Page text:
The same goes for the deficit: the results are positive, and leaving the EDP would be an historical event. But the numbers are still not to be trusted, states the economist. “We are lacking structural measures”, says the professor, recalling there are several variables whose numbers are not sustainable in the medium and long run, such as the mount of public investment.
Public Investment reaches minimums
This means the deficit decreased as the government promised, but the effort made to achieve it was different than planned, in order to comply with the goals — such as transforming appropriations in permanent expense cuts, a cutoff in investment and the fiscal amnesty programme (PERES), through which the government aimed to improve the deficit. The truth is that it represents almost three GDP decimals and that without its help, the 2.4% goal would probably not be met.
Difficult measures to maintain or repeat
In terms of the labor market, although improvements are clear, João Loureiro emphasizes that employment is being created with “activities of little increased value, which can be ascertained from the limited correlation between the increase in employment and the GDP growth“.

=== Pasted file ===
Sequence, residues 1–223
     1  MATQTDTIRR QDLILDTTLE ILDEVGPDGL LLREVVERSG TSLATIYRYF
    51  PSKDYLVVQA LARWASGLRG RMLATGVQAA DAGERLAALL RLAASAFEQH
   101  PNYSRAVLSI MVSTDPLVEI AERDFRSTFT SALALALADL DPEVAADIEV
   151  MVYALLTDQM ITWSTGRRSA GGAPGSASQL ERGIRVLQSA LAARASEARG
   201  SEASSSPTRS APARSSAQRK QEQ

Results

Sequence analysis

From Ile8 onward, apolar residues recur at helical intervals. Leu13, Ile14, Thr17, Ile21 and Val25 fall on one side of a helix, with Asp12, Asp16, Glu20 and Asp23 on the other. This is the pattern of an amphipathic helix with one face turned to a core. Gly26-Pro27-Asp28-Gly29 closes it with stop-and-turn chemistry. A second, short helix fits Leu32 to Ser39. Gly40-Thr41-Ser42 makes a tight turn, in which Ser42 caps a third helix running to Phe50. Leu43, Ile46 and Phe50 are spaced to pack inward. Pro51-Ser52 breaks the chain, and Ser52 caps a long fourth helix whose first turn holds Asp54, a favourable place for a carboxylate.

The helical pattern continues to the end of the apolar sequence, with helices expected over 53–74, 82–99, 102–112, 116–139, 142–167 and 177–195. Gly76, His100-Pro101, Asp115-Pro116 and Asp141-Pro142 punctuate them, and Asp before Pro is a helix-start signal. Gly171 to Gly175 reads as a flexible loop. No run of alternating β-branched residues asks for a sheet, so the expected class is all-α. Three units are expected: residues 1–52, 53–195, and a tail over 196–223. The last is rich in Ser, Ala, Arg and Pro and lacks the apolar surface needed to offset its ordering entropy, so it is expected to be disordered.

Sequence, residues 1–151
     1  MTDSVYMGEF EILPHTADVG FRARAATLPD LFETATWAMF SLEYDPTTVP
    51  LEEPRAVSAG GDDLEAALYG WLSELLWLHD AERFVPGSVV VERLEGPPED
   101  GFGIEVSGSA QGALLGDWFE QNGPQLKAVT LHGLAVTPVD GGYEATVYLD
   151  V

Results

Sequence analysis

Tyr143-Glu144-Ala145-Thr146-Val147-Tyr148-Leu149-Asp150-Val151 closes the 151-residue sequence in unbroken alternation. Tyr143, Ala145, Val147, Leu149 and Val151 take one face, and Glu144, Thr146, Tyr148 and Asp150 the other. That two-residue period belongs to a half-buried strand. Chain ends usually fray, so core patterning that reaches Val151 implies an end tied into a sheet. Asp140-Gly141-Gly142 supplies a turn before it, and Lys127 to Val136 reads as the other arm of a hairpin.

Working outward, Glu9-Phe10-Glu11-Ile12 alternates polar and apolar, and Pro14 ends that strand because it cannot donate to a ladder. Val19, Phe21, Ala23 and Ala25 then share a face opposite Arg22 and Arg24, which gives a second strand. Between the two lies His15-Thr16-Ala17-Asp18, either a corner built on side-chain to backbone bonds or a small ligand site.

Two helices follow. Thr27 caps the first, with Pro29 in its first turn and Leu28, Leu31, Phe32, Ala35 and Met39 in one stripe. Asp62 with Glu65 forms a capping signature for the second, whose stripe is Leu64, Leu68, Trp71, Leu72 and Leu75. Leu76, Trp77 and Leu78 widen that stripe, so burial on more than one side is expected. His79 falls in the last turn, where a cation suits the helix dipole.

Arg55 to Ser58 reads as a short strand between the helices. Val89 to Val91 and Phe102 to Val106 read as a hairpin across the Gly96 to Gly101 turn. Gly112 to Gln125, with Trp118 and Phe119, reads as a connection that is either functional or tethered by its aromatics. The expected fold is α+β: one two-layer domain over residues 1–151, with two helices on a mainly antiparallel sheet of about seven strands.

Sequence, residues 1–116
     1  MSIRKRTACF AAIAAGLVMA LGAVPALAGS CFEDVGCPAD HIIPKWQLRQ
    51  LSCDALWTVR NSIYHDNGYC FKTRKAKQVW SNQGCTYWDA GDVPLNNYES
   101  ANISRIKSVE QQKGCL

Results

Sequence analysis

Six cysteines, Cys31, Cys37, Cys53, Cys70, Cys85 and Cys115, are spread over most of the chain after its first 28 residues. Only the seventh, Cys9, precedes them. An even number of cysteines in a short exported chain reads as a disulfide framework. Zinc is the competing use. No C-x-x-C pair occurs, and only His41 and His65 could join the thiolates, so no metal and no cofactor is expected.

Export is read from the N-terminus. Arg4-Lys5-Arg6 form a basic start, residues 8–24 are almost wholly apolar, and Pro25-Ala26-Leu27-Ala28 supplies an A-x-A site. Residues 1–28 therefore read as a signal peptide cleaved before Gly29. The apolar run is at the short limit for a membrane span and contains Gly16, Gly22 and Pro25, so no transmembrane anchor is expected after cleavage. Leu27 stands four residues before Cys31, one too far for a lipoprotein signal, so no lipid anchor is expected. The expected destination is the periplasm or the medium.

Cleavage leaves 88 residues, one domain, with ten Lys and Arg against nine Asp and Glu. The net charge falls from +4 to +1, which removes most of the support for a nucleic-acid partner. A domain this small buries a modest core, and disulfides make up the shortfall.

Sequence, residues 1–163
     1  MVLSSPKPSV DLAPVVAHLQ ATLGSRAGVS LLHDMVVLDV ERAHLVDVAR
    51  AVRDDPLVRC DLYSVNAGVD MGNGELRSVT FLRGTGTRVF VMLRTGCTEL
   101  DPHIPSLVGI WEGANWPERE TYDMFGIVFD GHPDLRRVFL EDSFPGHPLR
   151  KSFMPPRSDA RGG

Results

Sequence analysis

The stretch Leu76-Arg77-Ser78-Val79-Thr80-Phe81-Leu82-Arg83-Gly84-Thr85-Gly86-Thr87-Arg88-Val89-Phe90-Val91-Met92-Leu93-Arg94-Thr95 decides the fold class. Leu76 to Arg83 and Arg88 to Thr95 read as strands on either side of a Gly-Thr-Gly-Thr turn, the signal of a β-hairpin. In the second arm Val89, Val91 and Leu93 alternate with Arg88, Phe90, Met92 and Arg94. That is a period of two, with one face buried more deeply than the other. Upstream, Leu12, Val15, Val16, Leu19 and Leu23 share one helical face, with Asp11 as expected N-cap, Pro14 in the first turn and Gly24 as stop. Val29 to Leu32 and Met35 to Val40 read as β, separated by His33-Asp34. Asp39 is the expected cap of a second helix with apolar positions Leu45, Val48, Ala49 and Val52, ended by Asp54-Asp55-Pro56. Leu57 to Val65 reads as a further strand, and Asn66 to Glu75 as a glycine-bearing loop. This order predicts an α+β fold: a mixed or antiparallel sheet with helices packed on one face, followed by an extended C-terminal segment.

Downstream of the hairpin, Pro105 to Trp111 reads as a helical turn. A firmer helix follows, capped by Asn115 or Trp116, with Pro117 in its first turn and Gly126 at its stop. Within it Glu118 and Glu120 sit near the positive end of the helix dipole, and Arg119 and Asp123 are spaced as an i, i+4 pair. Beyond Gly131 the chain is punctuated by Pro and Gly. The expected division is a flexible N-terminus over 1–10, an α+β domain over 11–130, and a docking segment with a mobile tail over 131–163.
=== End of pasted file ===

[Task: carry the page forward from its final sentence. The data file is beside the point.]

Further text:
So which is the right weather forecast?
Both the government and investors are looking at the same country, but assessing the economy in different timings: the government regards the small improvements in the data of the past 12 months, while investors regard what the recent past has been saying about Portugal’s future.
Investors see that, for example, the Portuguese republic has an accumulated debt of 241.1 billion euros — which surpasses 130% GDP –, and that in net deposits, it is close to 121% GDP.
Public debt over 240 billion
At the same time, investors are anticipating a progressive removal of the European Central bank’s incentives — those that in 2012 allowed the Portuguese Treasury Bond interests to decrease, even when the economy was sunk in recession.